- The Washington Times - Saturday, May 2, 2015

NEW YORK — Having watched his players slumber through many of their early afternoon starts this season, including a clunker in Game 3 of their first-round playoff series, Barry Trotz sought a way to break free of whatever morning jitters have ailed them. The Washington Capitals‘ coach knew the exhaustion of an exhilarating finish on Thursday night would carry over into the next day, so he canceled practice, asked his players to regroup and charged them to enter Saturday focused on an early start.

The one variable Trotz couldn’t necessarily control, though, was how the New York Rangers would respond. Their loss in Game 1 of the second round of the postseason marked the first time since 1996, a span of 21 playoff series, that they had fallen in the opener when they held home-ice advantage, and their discouragement over how the previous game had ended, coupled with their natural talent, would surely leave them scorned.

That ravenous desire manifested itself when the Rangers scored their first goal 38 seconds into the game, forcing the Capitals back into chasing their opponent for a good portion of the afternoon. They couldn’t catch up, and New York forced a tie in the best-of-seven series, claiming a 3-2 victory on Saturday at Madison Square Garden.

“The desperation level was higher on their side than ours, and they capitalized on that,” Trotz said. “From there, we dug ourselves a hole that we had to try to get out of all night.”

The Capitals, who failed to win five of the seven regular-season games that began at or before 1 p.m., were outshot, outmuscled and outchanced over the first 20 minutes. The Rangers focused on setting up their signature transition game early, which worked to their advantage nearly immediately when Chris Krieder put back a rebound that dangled ripely in front of the crease.

While that first goal may have exploited one of Washington’s weaknesses, New York’s second goal overcame one of its strengths. With Joel Ward in the box for hooking at 15:40 of the first period, defenseman Dan Boyle finally cracked the Capitals‘ impenetrable penalty kill, letting go of twisting wrister that goaltender Braden Holtby lost in the shadow of a screen from Rick Nash.

The focus that led to a 17-for-17 start to the postseason by the Capitals‘ penalty kill seemed absent at times on Saturday, Trotz said, and he agreed with the players’ notion that the unit was “too loose.” Until that point, Washington was in contention to become the first team to killed off every power play through the first nine games of the playoffs since the expansion era began in 1967.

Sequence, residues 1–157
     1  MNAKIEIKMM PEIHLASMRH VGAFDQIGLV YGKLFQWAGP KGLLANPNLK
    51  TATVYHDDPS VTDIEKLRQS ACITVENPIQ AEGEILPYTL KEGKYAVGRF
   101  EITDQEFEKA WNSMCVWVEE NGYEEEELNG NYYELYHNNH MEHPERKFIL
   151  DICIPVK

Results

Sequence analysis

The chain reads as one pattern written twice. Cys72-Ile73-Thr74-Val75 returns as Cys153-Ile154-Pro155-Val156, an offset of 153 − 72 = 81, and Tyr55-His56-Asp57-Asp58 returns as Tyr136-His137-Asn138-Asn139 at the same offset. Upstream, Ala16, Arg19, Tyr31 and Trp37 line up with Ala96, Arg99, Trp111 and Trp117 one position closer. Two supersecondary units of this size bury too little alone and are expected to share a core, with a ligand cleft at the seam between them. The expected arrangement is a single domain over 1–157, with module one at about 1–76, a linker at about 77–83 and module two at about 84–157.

“It’s one of those shots that 90 percent of the time, the guy tries to deflect it,” Holtby said. “I just tried to stay tight and just misread the release a little bit. … Nash made a phenomenal play staying in there and moving at the very last second. Sometimes you have to give credit where credit is due.”

By the time the Capitals awakened, hitting their stride midway through the second period, the renaissance seemed too late. Evgeny Kuznetsov, their darling of the first-round series against the New York Islanders, scored his fourth goal in nine playoff games at 13:59, and Alex Ovechkin added his fourth goal of the postseason 10:29 into the third period, skating through the Rangers‘ defense and unleashing a diving snapper that rattled past Henrik Lundqvist and into the far top corner of the cage.

Derick Brassard’s goal at 6:07 of the third period prevented Ovechkin from coming through with the equalizer, and as time wore down, Holtby was summoned from his net, giving the Capitals the advantage for the final 1:42. They could not break Lundqvist, who finished with 30 saves, withstanding three shots on goal and four other attempts in the final sequence.

With the evening of the series at one game apiece, the Capitals will return to New York at least one more time next weekend. The schedule, as of now, does not list another afternoon game — all will be on weekday evenings — which, after a tough afternoon, may be a fortuity they can take solace in.

“It’s best out of five now,” Capitals center Nicklas Backstrom said. “It’s 1-1.”


Copyright © 2018 The Washington Times, LLC. Click here for reprint permission.

The Washington Times Comment Policy

The Washington Times welcomes your comments on Spot.im, our third-party provider. Please read our Comment Policy before commenting.

 

Click to Read More and View Comments

Click to Hide